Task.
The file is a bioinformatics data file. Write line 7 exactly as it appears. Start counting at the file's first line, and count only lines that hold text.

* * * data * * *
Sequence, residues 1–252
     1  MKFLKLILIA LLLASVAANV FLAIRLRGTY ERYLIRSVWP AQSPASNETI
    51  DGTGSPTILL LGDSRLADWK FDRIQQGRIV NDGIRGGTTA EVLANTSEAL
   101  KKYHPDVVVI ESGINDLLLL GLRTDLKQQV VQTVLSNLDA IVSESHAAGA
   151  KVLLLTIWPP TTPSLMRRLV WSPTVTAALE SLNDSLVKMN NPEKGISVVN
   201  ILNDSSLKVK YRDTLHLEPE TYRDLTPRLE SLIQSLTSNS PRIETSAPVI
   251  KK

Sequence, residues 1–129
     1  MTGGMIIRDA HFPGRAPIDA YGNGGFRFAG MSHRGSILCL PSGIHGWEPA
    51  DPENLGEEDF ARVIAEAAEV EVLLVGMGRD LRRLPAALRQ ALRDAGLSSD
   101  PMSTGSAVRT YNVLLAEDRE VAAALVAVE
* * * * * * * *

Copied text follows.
   251  KK